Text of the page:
Lucky for me, we were in Italy the last couple of weeks riding our bikes.

[A brief interlude for some gratuitous photos of Italy. Look away if it's raining and cold where you are... ]

Anghiari, near the confluence of Tuscany, Umbria, Marche, and Emiglia-Romagna. Our apartment was in the city wall.

Misty morning view from our apartment window.

It was an usually hot summer in Italy and uncharacteristically warm for October. The flowers were digging it.

Karen, having earned lunch.

The Parisians have their ill-tempered little dogs ("pets and their owners..."). The Tuscans have their cats.

I've got a little bit of a thing for Alfa-Romeos. So when Avis graciously offered me this 159 sportwagon to drive, I was suave enough to kill the engine not once, but 3 times while trying to pull out of the parking lot. Karen called it the Batmobile.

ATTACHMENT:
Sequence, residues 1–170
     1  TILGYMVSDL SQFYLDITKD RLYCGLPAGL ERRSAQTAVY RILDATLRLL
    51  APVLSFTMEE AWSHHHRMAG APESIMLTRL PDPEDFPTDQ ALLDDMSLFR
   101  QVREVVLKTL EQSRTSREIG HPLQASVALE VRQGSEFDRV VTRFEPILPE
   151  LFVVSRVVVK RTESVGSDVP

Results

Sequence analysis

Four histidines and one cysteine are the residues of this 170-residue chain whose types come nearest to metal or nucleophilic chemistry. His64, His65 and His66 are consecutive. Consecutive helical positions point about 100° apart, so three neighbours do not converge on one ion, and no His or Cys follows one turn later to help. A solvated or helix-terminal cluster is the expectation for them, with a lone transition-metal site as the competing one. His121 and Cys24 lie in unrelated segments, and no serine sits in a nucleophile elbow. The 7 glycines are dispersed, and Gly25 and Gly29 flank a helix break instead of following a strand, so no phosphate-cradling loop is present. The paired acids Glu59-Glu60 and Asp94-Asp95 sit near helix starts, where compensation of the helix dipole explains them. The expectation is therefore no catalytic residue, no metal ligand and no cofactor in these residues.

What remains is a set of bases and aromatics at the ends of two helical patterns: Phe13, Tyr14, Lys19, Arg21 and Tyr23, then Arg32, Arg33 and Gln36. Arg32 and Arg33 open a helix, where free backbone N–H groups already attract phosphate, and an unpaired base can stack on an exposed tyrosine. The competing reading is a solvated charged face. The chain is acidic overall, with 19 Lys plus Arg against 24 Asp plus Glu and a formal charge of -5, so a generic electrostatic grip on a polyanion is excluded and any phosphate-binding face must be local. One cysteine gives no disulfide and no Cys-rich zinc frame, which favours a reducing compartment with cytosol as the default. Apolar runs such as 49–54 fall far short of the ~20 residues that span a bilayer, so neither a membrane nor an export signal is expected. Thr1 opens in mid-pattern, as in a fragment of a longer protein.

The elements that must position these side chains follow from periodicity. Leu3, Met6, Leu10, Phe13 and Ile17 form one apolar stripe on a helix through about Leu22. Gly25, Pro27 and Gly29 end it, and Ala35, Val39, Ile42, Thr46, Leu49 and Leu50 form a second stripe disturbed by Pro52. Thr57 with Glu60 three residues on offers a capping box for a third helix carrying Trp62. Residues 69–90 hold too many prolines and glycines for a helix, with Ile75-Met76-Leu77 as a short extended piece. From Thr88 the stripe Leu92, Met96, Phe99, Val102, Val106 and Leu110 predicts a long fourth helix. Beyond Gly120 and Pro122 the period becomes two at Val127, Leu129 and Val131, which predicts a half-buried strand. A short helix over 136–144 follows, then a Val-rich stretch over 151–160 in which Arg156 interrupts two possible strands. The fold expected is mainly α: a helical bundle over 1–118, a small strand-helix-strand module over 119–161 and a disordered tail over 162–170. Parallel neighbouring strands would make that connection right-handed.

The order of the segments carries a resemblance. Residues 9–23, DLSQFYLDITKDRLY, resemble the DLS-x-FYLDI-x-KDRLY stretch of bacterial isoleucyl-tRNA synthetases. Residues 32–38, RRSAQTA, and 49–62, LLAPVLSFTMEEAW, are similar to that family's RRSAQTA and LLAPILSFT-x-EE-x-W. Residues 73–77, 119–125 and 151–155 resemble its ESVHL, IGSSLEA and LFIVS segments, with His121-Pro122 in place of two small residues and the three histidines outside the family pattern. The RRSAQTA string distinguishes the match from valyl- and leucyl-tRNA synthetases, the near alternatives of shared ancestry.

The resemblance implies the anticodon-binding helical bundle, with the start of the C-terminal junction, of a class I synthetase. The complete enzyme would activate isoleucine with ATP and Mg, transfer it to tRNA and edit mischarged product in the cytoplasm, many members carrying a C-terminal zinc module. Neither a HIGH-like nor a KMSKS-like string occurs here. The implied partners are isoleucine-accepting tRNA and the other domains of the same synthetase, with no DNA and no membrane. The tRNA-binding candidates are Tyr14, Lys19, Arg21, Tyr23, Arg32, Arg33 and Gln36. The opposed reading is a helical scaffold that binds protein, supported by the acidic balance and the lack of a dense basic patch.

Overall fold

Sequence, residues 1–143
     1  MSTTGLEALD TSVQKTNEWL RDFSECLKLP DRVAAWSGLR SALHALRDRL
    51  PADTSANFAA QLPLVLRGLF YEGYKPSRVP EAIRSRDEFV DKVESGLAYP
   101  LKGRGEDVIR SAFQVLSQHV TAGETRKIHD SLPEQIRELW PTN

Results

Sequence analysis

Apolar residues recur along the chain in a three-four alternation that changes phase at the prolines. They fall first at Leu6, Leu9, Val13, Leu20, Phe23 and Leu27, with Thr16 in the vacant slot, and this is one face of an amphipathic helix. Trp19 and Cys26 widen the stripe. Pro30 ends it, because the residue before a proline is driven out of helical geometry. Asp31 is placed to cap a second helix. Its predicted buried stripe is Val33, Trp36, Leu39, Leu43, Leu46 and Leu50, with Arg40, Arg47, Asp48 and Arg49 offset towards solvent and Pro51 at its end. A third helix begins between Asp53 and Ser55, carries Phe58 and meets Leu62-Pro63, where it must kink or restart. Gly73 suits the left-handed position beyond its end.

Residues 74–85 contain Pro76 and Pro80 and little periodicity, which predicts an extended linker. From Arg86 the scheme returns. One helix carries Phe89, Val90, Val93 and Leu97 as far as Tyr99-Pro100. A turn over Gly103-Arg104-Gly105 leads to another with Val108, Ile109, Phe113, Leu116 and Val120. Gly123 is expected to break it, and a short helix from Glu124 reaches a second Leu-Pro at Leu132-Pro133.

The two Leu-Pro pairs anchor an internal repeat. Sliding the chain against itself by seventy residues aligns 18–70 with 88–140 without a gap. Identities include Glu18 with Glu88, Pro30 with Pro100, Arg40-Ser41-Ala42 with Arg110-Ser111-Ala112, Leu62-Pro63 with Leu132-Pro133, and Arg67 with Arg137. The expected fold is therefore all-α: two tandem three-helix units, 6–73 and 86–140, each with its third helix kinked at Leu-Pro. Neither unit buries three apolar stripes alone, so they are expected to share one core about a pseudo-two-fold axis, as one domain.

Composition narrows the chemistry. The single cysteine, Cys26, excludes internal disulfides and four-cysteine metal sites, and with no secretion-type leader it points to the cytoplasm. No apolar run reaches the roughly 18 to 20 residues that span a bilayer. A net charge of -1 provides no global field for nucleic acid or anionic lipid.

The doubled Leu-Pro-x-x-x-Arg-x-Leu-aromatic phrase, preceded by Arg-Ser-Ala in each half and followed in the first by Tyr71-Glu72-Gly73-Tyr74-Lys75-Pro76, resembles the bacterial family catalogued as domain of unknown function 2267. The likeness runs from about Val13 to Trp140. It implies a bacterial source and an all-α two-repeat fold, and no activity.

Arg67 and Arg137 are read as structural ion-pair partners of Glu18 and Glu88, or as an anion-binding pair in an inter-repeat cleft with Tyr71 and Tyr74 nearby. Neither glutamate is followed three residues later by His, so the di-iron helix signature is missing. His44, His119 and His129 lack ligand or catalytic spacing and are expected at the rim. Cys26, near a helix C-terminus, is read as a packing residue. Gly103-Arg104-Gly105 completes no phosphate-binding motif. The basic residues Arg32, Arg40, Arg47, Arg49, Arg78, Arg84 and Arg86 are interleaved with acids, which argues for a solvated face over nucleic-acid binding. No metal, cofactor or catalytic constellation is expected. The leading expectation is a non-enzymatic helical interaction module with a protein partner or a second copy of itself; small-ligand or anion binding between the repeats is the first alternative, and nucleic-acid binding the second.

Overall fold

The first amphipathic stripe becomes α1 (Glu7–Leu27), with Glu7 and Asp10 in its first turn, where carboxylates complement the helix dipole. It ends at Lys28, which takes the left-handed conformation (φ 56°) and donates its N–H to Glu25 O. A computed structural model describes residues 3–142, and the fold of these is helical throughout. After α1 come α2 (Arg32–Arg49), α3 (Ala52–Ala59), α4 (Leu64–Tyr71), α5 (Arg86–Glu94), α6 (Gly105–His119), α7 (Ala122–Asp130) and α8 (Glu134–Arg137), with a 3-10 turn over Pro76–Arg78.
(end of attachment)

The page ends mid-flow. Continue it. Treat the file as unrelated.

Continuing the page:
The Tiber river, from a 9-mile long climb.

Typical hilltop town.

Sheep are always a highlight of any ride for Karen. Sometimes I feel kinda like sheep paparazzi.

More of Anghiari.

Emilia-Romagna, near the national forest.

Monastic village in the national forest, just on the Tuscany side. Silenzio required.

The view out our kitchen window.

Stage 16 of the 2009 Giro d'Italia covered some very challenging terrain in Umbria, earning the comment from Lance Armstrong that it was the hardest day he's had on the bike (helped by the fact that it was stupid-hot). There's a joke in Italy that the only way to get a road paved is to run the Giro on it. This road led into the first categorized climb of the day, and though still marked as gravel on the maps, we knew it would be silky smooth. 12 km of sensory overload on magic carpet black top.

Karen on top of the world.

[Back to our regularly scheduled program...]